By John Stauffer
It is clear to me that the Boom Generation is a sleeping giant that is beginning to awaken…and it is cranky! For too long the needs of the families of the baby boomers have faced some daunting care circumstances. They are often faced with the care of aging/ailing parents and in some cases still raising children of their own – some with lifetime disabling conditions. Organizations like ours dedicated to providing respite care across that very broad age spectrum are uniquely positioned to help, and also to feel the pain of an often-inadequate health and care system.
Each year I attend at least one industry-specific event. This year I attended NADSA the National Adult Day Services Association conference in Indianapolis. My trip was eventful for several reasons. First, and most important, was receiving the latest research aggregated in a report from the Centers for Disease Control (CDC). The data shared in that report coupled with the changing trends in the health care industry had my head spinning. Maybe that is why I had a fender-bender while going to the conference. (Good news, no long term physical damage and the car was repaired in record time.)
I know you have heard the statistic about the number of boomers in America turning 65 each day (10,000!) and that fully one/third of them will need help to remain safely in their homes. But the stats that really got to me in this latest report were:
- In 2017 50% of our population will be over the age of 50
- Among seniors, better socialization reduces the incidence of stroke by 71%
- Improved sleep reduces the incidence of stroke by 58%
- Extreme loneliness is equal to the impact of smoking 15 cigarettes a day and reduces life expectancy by 8 years
- 60% of those in long term care or senior assisted living facilities NEVER get a visitor
This tells me that the need for Adult Day programs is greater than ever. Additionally, there was a law passed by the Feds in 2014 called the Impact Act which is fundamentally changing the way major health care organizations are operating. The Impact Act relates to how Medicaid dollars are used. Prior to 2014 all of the Medicaid dollars were funneled to the large conglomerate health care providers which inspired many health organizations to create mega- operations with traditional hospital care, rehab care, adult day care all under one roof, effectively shutting out many smaller organizations like Helping Hands Respite Care. Now large health care organizations must prove that those Medicaid dollars are being spread out. The government is saying the Medicaid dollars are supposed to be used for the best care for the individual regardless of the size the organization.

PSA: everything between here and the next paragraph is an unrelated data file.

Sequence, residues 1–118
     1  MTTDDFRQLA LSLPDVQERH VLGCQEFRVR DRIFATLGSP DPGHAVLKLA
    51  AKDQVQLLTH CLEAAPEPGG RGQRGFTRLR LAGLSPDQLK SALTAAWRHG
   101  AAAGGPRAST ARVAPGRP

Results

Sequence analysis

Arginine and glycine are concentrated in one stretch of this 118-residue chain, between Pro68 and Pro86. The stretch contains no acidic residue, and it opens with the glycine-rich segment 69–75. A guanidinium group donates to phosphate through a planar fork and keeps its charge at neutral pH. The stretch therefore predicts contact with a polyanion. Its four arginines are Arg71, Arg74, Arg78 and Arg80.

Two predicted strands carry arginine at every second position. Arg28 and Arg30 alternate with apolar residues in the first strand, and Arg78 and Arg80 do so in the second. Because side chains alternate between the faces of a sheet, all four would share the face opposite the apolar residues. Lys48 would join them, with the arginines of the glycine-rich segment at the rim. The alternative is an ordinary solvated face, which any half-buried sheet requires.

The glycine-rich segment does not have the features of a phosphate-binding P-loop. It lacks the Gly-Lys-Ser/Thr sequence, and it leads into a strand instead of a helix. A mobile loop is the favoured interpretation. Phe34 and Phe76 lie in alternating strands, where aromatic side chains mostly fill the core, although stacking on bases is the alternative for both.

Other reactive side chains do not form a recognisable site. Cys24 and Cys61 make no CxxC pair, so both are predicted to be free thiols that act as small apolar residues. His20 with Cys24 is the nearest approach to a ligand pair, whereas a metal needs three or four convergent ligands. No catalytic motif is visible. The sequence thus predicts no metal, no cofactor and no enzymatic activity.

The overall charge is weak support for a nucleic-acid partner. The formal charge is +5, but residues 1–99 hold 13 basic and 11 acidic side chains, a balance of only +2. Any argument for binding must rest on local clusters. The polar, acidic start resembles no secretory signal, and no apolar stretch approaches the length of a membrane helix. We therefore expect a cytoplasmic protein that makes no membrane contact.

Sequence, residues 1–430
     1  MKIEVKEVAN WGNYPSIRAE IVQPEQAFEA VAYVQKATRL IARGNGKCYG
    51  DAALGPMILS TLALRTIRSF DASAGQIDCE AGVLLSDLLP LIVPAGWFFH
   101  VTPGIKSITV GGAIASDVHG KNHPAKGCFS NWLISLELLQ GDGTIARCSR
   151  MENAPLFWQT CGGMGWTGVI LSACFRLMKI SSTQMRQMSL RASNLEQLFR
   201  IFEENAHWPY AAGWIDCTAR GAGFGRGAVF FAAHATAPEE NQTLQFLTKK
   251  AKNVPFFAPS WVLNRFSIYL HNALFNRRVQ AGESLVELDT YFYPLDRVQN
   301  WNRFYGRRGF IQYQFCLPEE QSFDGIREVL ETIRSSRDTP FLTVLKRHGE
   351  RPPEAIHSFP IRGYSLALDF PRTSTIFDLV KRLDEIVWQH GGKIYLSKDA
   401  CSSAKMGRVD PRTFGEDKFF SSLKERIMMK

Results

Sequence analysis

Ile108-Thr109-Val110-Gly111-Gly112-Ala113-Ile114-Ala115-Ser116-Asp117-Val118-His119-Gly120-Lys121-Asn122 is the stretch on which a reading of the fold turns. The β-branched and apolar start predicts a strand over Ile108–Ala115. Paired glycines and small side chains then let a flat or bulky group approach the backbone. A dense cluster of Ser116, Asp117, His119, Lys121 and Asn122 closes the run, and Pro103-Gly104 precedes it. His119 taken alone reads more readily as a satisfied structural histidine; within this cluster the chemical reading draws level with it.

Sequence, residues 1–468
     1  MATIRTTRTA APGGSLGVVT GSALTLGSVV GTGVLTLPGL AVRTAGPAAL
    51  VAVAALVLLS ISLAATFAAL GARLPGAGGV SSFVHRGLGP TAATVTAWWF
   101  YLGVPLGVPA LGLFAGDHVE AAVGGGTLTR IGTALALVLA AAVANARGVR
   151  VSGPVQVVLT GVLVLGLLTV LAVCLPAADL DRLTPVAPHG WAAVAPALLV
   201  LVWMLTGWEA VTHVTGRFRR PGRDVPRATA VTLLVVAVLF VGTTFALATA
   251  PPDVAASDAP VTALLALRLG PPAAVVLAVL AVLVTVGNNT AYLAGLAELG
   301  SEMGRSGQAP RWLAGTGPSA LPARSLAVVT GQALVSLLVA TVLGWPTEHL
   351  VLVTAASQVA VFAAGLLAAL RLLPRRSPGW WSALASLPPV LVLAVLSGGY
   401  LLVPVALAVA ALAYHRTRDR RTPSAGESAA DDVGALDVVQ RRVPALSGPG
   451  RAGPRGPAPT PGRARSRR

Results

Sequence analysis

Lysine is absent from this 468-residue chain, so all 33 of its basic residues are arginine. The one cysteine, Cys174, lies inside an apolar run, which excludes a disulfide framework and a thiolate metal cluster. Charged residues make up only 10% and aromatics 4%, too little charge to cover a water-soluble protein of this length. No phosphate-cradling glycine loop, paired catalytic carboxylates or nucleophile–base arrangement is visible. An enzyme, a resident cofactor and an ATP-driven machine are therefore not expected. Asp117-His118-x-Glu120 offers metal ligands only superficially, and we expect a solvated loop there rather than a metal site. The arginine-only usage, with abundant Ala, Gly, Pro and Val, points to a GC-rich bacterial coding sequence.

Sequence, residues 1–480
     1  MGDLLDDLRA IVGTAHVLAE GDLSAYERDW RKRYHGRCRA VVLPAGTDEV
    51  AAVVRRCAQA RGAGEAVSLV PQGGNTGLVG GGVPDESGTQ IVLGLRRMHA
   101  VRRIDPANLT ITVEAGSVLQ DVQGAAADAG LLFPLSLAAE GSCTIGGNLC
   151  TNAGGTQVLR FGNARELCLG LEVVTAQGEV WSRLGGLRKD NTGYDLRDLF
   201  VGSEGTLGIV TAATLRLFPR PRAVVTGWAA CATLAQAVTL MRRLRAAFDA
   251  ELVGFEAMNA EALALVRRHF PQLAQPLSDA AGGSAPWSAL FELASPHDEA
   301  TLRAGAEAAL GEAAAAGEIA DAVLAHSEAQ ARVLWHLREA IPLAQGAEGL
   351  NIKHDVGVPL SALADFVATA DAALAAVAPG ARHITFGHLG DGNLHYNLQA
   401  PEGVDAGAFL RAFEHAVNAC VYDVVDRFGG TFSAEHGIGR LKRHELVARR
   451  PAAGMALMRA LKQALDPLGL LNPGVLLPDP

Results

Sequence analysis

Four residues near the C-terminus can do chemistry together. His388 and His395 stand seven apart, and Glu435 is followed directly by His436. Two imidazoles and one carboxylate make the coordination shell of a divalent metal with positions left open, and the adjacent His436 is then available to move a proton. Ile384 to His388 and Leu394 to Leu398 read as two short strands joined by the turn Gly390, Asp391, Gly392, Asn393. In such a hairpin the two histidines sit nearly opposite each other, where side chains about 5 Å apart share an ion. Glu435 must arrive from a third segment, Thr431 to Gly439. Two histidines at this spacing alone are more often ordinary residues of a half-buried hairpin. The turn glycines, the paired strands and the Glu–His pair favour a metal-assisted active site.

The Impact Act of 2014 further complicated things for major health care organizations by regulating the amount of dollars in the Medicaid “bucket” for an individual. This has meant that hospitals are being financially penalized for repeat visits to the hospital or emergency room by the same patient. These limitations are forcing managed health care organizations to re-evaluate how to best utilize the Medicaid dollars and who to collaborate with to maximize the health outcome for individuals.
What does this mean for Adult Day Service programs like ours? In Michigan, there are no licensing regulations for Adult Day programs, yet statistics support the statement that Adult Day programs offer the lowest cost and the highest value.
Now is the time for Adult Day programs to create viable partnerships with health care organizations and family medical practitioners. The facts in the chart give some great reasons why! It is conceivable that our organization could help save our hospital partners millions of dollars over time.
John Stauffer is the Executive Director of Helping Hands Respite Care in East Lansing, Michigan and is the current President of the Michigan Adult Day Services Association. He and several members of MADSA are working on a common language and reporting procedure to support the efficacy of Adult Day programs in Michigan. Helping Hands Respite Care operates an Adult Day Services program with a positive track record for over 30 years. Originally established by a group of nurses, the program continues to have a staff nurse in attendance daily.